The Foundationalist sets its sights beyond the Bowdoin Bubble. The editorial magazine accepts submissions from undergraduates across the country, regardless of genre, length or theme.
Aleksia Silverman ’19 and Sydney To ’19 founded The Foundationalist in the spring of 2018. To explained that the title “Foundationalist” ironically refers to Foundationalism, the belief that all knowledge must be based off of non-inferential knowledge or justified belief.
“It’s ironic because our literary attitude is anti-foundationalist, anti-canonical and motivated by a wish to embrace minor literatures and more global critical positions,” To said in a phone interview with the Orient.
In its current form, the editorial board, which consists of 12 members including leaders Kyubin Kim ’22, Lily Poppen ’22 and Rachel Yang ’22, meets weekly to read and discuss submissions. The organization advertises for new submissions through “all-call emails,” that they send out to as many colleges as they can.
The board is currently reviewing over 100 submissions for Volume IV, which will be published at the end of this month. After discussing an individual submission, each member assigns it an “A” for acceptance, “B” for maybe, or “C” for rejection. Sometimes the board suggests specific revisions, allowing writers to edit their work and resubmit. As of the last volume, The Foundationalist published 24 percent of the total submissions it received.
Board meetings are an open platform for members to express their opinions on submissions which vary greatly in style and worldview. One example is a coded poem written by a Texas A&M student.
Kim appreciates these deviations from the artistic norms she feels dominate Bowdoin.
“I feel like Bowdoin oftentimes teaches in one style which is academic, and even in creative writing there’s a distinct creative writing style that you notice Bowdoin students have … quirky, satirical, dark but funny,” said Kim.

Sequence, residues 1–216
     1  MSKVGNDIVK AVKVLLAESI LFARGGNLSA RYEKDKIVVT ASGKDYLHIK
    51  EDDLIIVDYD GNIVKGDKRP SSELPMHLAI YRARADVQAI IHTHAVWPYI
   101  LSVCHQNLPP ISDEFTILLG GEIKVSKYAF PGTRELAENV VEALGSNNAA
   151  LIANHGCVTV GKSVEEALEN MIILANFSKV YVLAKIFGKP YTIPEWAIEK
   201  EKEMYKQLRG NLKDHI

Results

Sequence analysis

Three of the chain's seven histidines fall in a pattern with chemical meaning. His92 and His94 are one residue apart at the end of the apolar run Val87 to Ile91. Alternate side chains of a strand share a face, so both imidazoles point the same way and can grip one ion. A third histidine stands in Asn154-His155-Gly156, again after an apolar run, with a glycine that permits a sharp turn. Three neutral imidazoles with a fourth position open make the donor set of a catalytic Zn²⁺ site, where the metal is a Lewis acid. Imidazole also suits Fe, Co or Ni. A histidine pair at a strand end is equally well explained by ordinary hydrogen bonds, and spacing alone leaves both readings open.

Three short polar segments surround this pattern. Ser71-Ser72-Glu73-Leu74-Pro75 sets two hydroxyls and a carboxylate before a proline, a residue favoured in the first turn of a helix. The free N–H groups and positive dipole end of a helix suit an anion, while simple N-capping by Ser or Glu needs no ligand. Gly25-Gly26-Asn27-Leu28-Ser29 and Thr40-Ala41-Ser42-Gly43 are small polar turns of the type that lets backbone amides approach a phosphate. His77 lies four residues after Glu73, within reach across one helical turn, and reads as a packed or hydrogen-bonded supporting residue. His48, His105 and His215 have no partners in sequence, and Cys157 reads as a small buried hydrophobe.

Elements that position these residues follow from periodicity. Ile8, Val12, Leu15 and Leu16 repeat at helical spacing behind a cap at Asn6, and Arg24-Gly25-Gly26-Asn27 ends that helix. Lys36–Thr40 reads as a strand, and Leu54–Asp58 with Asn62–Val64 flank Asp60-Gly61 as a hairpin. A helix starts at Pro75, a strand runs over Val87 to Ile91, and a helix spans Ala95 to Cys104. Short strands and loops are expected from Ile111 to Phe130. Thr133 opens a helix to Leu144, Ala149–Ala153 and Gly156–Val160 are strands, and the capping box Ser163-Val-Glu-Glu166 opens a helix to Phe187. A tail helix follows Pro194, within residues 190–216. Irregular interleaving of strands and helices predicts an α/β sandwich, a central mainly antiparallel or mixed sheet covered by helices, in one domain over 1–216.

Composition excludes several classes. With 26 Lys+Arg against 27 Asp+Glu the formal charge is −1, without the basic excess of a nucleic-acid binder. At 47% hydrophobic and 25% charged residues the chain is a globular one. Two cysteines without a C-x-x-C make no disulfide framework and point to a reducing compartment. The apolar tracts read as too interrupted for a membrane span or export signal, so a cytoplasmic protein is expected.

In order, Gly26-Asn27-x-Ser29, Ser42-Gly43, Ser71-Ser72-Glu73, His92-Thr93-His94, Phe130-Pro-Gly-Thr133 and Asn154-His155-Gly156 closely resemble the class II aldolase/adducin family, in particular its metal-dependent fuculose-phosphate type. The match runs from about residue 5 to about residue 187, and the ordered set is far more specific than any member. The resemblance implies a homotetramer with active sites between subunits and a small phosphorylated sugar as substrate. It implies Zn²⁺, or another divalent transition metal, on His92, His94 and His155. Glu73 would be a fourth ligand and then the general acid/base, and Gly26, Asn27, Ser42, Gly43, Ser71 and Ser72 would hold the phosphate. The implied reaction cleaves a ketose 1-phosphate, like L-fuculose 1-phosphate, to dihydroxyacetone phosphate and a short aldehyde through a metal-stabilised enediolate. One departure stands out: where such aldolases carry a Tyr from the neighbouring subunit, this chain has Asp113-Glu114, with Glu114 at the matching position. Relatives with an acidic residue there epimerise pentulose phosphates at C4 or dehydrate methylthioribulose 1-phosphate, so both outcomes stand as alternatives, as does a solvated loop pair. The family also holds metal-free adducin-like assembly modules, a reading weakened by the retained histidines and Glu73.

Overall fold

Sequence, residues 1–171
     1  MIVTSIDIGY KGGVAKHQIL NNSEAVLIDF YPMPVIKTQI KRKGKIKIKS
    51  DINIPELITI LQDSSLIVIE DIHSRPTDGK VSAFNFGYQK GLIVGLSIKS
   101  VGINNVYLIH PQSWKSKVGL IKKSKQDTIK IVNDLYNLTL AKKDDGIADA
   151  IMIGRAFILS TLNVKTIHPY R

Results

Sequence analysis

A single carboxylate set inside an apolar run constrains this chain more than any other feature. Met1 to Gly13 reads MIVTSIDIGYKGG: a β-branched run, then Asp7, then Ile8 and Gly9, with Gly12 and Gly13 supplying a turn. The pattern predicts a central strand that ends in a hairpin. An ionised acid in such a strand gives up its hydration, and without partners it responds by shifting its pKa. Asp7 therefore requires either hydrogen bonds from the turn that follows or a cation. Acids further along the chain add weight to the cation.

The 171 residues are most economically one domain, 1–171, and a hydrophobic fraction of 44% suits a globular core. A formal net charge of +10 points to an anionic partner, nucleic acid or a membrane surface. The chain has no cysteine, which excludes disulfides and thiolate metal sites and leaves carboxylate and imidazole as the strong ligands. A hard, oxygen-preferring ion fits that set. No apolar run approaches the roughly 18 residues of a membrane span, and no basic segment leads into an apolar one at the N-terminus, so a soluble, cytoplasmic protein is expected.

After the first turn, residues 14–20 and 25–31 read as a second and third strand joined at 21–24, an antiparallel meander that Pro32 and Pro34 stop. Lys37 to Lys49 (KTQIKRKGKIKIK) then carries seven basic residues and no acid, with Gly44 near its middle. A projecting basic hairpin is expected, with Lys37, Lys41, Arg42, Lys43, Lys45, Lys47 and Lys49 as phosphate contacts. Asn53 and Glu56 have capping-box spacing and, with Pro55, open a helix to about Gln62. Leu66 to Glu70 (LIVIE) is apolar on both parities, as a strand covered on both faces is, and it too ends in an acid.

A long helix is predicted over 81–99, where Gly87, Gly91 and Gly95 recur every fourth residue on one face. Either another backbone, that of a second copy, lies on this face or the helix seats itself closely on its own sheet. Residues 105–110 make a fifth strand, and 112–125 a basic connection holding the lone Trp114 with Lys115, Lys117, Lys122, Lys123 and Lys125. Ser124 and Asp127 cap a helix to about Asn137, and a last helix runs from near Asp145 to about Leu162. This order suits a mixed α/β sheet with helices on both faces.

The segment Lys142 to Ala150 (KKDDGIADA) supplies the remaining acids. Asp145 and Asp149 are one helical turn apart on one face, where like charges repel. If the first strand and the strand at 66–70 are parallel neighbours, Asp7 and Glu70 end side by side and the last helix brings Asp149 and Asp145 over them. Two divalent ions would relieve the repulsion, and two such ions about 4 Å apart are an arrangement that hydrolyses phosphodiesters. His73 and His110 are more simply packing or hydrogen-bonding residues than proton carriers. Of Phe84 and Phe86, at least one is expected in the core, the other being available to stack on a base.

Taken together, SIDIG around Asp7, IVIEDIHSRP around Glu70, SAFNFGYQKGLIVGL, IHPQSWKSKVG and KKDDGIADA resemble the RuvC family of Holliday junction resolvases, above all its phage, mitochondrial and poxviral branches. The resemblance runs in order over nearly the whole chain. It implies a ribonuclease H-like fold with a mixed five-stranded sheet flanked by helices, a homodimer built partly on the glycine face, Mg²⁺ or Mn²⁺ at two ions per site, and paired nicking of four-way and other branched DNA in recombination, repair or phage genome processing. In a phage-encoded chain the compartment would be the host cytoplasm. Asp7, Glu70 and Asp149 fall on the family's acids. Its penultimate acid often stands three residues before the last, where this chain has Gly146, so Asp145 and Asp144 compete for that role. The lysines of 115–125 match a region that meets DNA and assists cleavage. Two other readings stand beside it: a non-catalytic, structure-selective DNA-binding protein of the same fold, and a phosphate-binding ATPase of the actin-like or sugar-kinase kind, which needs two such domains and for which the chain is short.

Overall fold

Co-leader Poppen expressed a similar sentiment, highlighting The Foundationalist’s emphasis on diverse written perspectives.
“Careers in English range from creative writing to editorial experience to copy editing, et cetera,” she said. “And we’d love to make a really holistic writing scene [at Bowdoin].”
Nailah Khoory ’22 and Liam Healy ’22 appreciate that The Foundationalist offers them an opportunity to read diverse student perspectives, Khoory has gained knowledge that she is able to incorporate in her poetry class this semester.
“What we talked about last year in The Foundationalist… I’ve applied that to my poetry class, and vice versa into The Foundationalist,” Khoory said. “It adds another layer when reading a professional poet’s work and then reading students’ work.”
The Foundationalist’s articles are published on a database called Academia through Bowdoin College’s English Department, where they have accrued around 11,000 views. While the publication’s leaders would like to create a magazine, they are unsure how they would share a paper publication with people around the world. In the future, when the organization has grown, leaders hope the publication will include photography and art.
While The Foundationalist has a chapter at Yale University and is soon opening one at the University of Iowa, Yang expressed difficulty in expanding the club’s reach to Bowdoin students.
She explained, however, that the Foundationalist plans to collaborate with other literary presences on campus to advertise and attract more members.
“We have a vision for the future,” Yang said.